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Sometimes, trainees ask us what they should do about pupils they are thinking about starting on Catch Up® Literacy, who are already good at phonics. They anticipate that these pupils will probably score well on Assessment 2: Sight word knowledge, and so will be assigned a higher Catch Up® starting level.
The new Primary Curriculum for pupils in Years 3 & 4 says: ‘ …pupils who are still struggling to decode need to do this urgently through a rigorous and systematic phonics programme so that they catch up rapidly with their peers’, (and a similar statement is at the start of Years 5 & 6), so it’s not surprising that more Key Stage 2 (and Key Stage 3) pupils are proficient at blending phonemes to read words.
It is worth remembering that in order to achieve a tick in the ‘can read’ column in Assessment 2, the learner must have instant recognition of the word – it must be: See it, Say it. If there is hesitation, or the learner has to blend the sounds before saying the word, it is given a dot in the ‘can read’ box (indicating that the learner has some knowledge of the word but the slower process of segmenting and blending is likely to have an impact on comprehension when reading a text). Dots in the ‘can read’ column are not counted when calculating the appropriate Catch Up® Literacy starting level.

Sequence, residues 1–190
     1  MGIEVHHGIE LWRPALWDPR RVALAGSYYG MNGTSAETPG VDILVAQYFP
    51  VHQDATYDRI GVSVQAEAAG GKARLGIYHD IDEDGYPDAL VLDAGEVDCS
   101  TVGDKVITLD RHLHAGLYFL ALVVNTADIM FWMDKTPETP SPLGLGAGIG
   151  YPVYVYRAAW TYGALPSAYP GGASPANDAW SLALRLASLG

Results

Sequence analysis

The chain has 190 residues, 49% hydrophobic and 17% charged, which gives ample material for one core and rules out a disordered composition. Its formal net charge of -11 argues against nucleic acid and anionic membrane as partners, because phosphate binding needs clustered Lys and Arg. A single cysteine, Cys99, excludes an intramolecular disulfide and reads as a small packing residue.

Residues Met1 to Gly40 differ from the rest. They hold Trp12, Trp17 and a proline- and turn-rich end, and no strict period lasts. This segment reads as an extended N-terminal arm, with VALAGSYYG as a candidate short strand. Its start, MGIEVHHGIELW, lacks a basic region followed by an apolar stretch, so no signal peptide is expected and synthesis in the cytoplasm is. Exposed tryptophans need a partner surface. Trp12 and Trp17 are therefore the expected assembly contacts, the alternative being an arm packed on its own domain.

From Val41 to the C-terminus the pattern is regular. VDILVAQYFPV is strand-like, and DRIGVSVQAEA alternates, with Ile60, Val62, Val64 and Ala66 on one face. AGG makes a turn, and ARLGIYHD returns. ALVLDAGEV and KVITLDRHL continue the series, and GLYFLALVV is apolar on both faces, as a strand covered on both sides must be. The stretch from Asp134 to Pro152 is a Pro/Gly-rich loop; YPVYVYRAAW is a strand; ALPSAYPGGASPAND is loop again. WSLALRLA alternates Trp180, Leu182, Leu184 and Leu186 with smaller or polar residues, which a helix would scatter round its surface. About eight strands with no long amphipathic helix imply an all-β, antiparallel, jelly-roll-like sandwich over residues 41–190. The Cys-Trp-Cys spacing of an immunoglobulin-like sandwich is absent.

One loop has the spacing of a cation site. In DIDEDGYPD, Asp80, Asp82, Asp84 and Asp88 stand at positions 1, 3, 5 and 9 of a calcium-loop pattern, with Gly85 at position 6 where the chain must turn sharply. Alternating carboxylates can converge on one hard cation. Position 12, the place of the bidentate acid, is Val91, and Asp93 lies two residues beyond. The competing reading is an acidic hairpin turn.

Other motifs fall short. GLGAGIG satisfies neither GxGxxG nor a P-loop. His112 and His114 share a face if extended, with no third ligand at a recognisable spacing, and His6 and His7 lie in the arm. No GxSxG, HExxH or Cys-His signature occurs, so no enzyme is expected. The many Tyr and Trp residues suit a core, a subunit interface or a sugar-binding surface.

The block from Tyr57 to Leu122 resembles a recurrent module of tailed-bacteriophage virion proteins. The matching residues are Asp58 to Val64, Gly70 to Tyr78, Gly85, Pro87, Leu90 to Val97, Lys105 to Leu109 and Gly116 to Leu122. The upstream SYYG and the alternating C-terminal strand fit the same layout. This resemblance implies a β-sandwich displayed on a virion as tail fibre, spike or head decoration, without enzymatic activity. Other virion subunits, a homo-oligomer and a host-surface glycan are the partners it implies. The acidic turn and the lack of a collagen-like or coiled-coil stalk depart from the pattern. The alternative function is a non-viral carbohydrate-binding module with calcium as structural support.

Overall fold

However, if the learner has internalised the blending phoneme process and is able to read the word instantly, then they deserve the tick in the ‘can read’ box and the resultant indicative Catch Up® starting level.
Dee Reid, Catch Up® co-creator, consultant and accredited trainer
Catch Up® is the working name of The Caxton Trust, a not-for-profit charity registered in England and Wales (1072425) and Scotland (SC047557) as well as a company limited by guarantee (03476510). Catch Up is a registered trademark.